Imagine, for a moment, reaching a state of lucidity after three days of agonizing pain – pain you did nothing to deserve, as far as you could discern, and would not wish upon anyone – and finding yourself suspecting that you'd died and gone to hell. Imagine attempting to relive those last moments of your life – not because you want to recall the sensation of dying, per se, but because you want to fully understand what just occurred, or at least try to – and being unable to remember anything of your former existence but the way the fire burned in your veins as you became something you no longer recognized.

Imagine, after a certain point, being unable to suspect that you're in hell, because one glimpse at your reflection in the mirror – at your crimson eyes and pallid skin and sharp, foreign features – confirms it. Imagine feeling the fires of eternal damnation singeing your throat in the form of thirst, and being unable to retreat to the confines of your mind to contemplate what you'd just been through – because suddenly, everyone else's thoughts are crowding so insistently into your brain that there's almost no room left for your own.

Imagine being unable to escape from these thoughts, which present themselves to you with perfect clarity at their best and as persistent static at their worst, and finding yourself living vicariously through them in a way. You learn through them; you learn the true nature of the people around you -- the secrets and lies they keep to themselves, their petty preoccupations, the jealousy and resentment they harbour while offering serene smiles on the surface – and you live through them in a way, because the experiences in their minds are the only access you have to things you don't think are obtainable for you. Concepts like love and desire and affection are foreign to you, and you can see them – flashing briefly in someone else's mind, like a singular scene from a movie -- and that's the best way you can think of to describe them, because movies are fantasy, just like the idea of you being able to procure these things for yourself. Imagine being so sure of your damnation that you begin to think of your lonely, tedious existence as the very sort of punishment you deserve, and you resign yourself to this fact, devoting hours and days and years toward absolution you don't think you'll ever really receive.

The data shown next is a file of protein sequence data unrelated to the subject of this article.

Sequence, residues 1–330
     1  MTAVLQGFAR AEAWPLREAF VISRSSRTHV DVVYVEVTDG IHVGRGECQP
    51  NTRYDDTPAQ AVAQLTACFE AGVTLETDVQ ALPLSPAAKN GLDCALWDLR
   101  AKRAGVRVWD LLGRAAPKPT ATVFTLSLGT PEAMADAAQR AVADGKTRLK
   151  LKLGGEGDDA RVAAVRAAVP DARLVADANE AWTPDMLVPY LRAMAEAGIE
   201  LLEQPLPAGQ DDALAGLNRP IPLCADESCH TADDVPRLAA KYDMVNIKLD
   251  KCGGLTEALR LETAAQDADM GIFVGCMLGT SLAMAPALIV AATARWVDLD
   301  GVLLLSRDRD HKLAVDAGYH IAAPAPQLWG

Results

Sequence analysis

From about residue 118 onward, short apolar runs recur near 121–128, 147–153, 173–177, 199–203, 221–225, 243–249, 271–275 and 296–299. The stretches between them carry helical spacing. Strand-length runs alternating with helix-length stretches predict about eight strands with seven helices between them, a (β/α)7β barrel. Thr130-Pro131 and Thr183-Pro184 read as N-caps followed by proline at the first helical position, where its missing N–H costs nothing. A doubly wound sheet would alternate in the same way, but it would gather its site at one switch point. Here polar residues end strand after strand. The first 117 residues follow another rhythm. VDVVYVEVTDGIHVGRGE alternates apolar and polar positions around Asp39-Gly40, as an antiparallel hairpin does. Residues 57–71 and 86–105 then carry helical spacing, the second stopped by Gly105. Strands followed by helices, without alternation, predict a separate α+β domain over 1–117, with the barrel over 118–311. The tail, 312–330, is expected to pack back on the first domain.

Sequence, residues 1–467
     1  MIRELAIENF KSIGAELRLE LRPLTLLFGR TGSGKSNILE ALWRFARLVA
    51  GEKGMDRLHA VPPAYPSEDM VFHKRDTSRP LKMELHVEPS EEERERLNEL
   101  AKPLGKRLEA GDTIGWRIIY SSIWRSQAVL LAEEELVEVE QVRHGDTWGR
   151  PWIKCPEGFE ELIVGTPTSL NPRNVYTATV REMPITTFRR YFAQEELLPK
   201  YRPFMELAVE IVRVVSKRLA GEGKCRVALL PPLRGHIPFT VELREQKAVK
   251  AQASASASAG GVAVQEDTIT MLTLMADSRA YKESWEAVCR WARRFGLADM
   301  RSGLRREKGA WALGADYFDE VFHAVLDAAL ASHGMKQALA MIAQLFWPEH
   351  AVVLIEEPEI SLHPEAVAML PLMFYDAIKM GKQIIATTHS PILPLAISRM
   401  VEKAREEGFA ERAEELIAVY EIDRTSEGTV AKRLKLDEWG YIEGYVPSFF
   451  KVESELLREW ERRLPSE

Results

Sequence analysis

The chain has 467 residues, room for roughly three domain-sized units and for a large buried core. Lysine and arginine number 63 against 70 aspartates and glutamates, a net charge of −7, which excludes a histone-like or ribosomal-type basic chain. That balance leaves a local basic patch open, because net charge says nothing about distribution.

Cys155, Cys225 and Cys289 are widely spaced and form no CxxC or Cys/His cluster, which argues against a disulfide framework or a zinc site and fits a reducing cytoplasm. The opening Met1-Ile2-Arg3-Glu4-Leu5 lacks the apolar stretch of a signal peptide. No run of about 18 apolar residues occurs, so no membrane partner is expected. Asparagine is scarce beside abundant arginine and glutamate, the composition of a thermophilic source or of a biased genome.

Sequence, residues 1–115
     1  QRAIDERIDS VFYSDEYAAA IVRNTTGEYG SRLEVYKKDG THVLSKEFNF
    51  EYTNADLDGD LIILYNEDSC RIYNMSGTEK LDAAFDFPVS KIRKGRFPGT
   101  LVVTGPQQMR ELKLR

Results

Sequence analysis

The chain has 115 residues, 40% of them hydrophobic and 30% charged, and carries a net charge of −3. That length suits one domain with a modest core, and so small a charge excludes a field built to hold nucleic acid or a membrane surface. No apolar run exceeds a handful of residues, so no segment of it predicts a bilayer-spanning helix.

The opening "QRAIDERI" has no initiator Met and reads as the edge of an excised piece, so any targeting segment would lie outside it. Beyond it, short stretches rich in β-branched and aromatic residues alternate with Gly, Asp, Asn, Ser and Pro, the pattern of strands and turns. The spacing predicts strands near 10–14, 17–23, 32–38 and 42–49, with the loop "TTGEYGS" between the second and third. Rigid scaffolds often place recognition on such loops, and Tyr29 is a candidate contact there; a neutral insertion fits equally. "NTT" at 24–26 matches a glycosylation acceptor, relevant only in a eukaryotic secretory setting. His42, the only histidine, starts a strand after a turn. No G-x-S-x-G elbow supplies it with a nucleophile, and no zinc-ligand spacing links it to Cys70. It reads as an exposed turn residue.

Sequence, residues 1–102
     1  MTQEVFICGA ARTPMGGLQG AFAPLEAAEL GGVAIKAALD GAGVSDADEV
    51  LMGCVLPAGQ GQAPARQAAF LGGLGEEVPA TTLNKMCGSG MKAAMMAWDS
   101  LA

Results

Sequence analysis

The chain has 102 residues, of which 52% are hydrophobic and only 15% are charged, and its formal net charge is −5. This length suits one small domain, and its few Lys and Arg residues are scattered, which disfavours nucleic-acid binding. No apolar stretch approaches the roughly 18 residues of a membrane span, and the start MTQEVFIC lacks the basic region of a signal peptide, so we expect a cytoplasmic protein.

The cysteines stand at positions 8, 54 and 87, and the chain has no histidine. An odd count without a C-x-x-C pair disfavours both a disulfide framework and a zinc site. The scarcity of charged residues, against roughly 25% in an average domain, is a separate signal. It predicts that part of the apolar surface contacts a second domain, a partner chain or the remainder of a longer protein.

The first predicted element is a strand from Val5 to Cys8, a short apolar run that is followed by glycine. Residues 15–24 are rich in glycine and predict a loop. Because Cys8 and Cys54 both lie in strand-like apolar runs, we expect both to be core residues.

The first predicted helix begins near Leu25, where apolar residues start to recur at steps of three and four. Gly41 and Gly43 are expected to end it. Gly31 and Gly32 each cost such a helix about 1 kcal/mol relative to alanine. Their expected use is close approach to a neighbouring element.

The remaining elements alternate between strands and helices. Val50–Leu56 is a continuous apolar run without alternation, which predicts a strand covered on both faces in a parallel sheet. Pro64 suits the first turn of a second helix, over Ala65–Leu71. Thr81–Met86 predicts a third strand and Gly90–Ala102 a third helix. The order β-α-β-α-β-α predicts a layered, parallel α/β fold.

Imagine, then, falling in love with a girl you aren't worthy of after decades of being convinced that you wouldn't fall in love at all. Imagine a girl whose beauty and vibrancy is unparalleled; whose smiles and kisses and words whispered in her sleep brought meaning and laughter and life to an otherwise monotonous existence; whose quiet tomb of a mind presented the only challenge you could ever remember having. Imagine falling in love with a girl whose natural inclination is to love you unconditionally in kind, despite all of the reservations she should logically have; whose heart thumps a wild staccato in her chest in your presence, reminding you with every beat that you are the most important person in her life, whether you deserve to be or not; whose ability to love so completely and so selflessly reminds you every day that there is good in the world, even if it can't be found within you.

Imagine watching her die.

The time that Bella and I shared together on Isle Esme for the duration of our honeymoon was beyond anything I could have ever hoped for. I was cautious regarding the physical nature of our relationship, as I had always been, but I had to be; our very first experience together left her with smudged bruises in the shape of my fingers along the porcelain surface of her skin, left her muscles aching and joints throbbing. She didn't tell me any of these things, of course, but they were evident in the way she walked and in the strained way she held her mouth as she assured me that it was fine, Edward. Her dark eyes were lit with elation, but they were also tight at their corners, and on more than one occasion, I caught her wincing when she thought I wasn't paying attention.

That first night was my first attempt at getting to know her physically, inside and out, as I'd always yearned to know her mentally. It was also the night our daughter was conceived.

The signs of Bella's pregnancy – despite my two medical degrees, the value of which I questioned in the immediate aftermath of our discovery – were decidedly lost upon me. Of course, I had no reason to attribute her strange cravings, lethargy and vomiting toward a pregnancy; as far as I'd always known, pregnancy between vampires was a medical impossibility. Pregnancy is dependent upon cycles; upon their transformation, female vampires are frozen at whatever point in their cycles they were in before death for eternity. The same was assumed to be true for male vampires; after all, human sperm has a finite life span. Even without any sort of medical research, it could safely be assumed that no vampire could either carry a pregnancy to term or impregnate another; we are, after all, a collection of dead cells, reanimated corpses that aren't bound by aging or sickness or death. In short, our bodies – or so I assumed – are not fertile breeding grounds.